Science Fair Project Encyclopedia
The NES 2 is a compact redesign of the original Nintendo Entertainment System (NES) video game console from Nintendo. It was released in North America in 1993 and retailed for $49.99 USD. The chassis design utilized in the NES 2 is basically identical as the design of the AV Family Computer, which was released in Japan at roughly the same time.
The internal hardware of the unit remained essentially unchanged from the earlier model, with the exception of the removal of RCA composite video output jacks (a significant difference from the AV Famicom), and the removal of the 10NES authentication chip. The external appearance, on the other hand, was greatly overhauled, restyled to resemble the North American Super Nintendo Entertainment System, and to address a number of commonly cited ergonomic problems of the original NES deck.
The first and most obvious change was the removal of the "pop-in spring" system that caused no end of trouble in maintenance and game-swapping when using the original NES. In that system, the user had to first open the lid of the case, slide in the cartridge, then press it down, compressing a spring and locking it against the contacts. Dust was the first problem with this: the large space inside allowed plenty of room for dust to settle, and the contact heads were almost impossible to access and clean without unscrewing the case. Wear and tear was the other problem: With continued use, the precision of the mechanism deteriorated and the user would have to poke and nudge at the cartridge to move it to a position that would be read correctly. The NES 2 returned to the standard top-loading method, used by almost all cartridge systems before and since for its ease and reliability. The power and reset buttons, while never a problem with the original design, now matched the curvature of the new look.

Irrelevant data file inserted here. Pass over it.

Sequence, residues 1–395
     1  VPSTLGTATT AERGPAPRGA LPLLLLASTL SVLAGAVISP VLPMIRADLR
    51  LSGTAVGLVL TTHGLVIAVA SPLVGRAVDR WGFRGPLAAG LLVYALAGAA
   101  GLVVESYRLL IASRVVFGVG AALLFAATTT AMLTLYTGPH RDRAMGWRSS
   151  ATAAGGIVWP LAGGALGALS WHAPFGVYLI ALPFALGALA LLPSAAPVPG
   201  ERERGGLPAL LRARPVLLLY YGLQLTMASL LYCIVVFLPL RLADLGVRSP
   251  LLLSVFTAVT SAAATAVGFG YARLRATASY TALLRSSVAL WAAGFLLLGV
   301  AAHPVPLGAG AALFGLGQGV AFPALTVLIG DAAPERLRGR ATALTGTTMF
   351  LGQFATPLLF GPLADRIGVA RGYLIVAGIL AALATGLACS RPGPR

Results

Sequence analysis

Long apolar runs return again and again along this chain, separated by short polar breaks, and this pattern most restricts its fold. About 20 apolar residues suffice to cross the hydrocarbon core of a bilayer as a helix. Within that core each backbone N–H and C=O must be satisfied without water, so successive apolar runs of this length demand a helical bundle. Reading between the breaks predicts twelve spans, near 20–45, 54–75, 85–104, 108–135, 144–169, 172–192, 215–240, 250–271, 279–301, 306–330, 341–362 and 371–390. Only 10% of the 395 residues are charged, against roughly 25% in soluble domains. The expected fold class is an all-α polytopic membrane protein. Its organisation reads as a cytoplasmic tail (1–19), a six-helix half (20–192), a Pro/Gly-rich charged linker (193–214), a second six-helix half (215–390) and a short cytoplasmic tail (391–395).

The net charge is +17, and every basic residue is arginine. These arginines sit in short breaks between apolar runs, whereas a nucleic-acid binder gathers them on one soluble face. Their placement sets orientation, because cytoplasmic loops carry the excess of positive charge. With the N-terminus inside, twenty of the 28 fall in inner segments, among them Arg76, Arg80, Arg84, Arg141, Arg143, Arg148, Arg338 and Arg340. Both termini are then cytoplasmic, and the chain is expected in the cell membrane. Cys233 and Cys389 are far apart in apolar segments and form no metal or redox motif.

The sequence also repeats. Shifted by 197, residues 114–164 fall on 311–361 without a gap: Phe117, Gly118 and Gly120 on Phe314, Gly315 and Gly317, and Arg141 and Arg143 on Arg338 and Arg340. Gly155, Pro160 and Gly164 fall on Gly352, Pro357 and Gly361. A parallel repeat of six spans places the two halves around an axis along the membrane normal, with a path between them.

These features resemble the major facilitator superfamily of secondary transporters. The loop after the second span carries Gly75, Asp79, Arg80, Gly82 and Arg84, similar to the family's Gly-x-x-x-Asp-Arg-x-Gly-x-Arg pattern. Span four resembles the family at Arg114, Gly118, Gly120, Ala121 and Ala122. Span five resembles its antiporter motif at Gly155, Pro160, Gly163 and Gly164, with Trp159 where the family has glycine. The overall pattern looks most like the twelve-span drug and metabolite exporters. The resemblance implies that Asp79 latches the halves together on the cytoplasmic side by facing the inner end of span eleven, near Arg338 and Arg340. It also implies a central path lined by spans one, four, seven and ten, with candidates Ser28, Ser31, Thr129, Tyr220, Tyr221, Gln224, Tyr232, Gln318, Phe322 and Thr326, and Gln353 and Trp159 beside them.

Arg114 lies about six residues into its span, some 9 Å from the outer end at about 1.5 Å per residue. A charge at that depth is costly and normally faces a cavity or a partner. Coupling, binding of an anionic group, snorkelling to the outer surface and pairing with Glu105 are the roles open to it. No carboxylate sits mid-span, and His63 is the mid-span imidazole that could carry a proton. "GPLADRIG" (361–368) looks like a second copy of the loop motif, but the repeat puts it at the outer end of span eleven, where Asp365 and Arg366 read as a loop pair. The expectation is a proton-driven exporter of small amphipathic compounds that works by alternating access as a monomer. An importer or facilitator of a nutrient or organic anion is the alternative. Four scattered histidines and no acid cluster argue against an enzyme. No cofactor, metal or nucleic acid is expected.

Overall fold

The second change was in the design of the game controllers, which were also sold separately from the deck. Like the console itself, the new controllers were restyled to resemble the SNES dog bone controller, with rounded edges that caused less stress on the hands than the old rectangular design. One could buy plastic slip-ons for the old design that had the same effect, but they were bulkier.
Despite the fact that the system had significant improvements to the original "grey-box" model, the NES 2 has been widely considered a failure at the time for a number of reasons. While it did have the same internal design as its precursor, many users experienced problems with devices like the Game Genie (although Galoob quickly released an adaptor to allow the device to be reliably used with the new model). In addition, NES cartridges were designed to be inserted horizontally and the top-loading mechanism, while a major improvement in the sense that it was hardier and less prone to breakdown than the original NES front-loading mechanism, often caused inserted games to wobble, disturbing the image projected to the user's television screen. Washed out colors, darker displays, and static were a result of the poor quality of the included AC adaptor, and the lack of composite output capability. In addition, the NES 2 was released very late in the NES's life cycle, and many users had already moved on to newer, 16-bit consoles.
The contents of this article is licensed from www.wikipedia.org under the GNU Free Documentation License. Click here to see the transparent copy and copyright details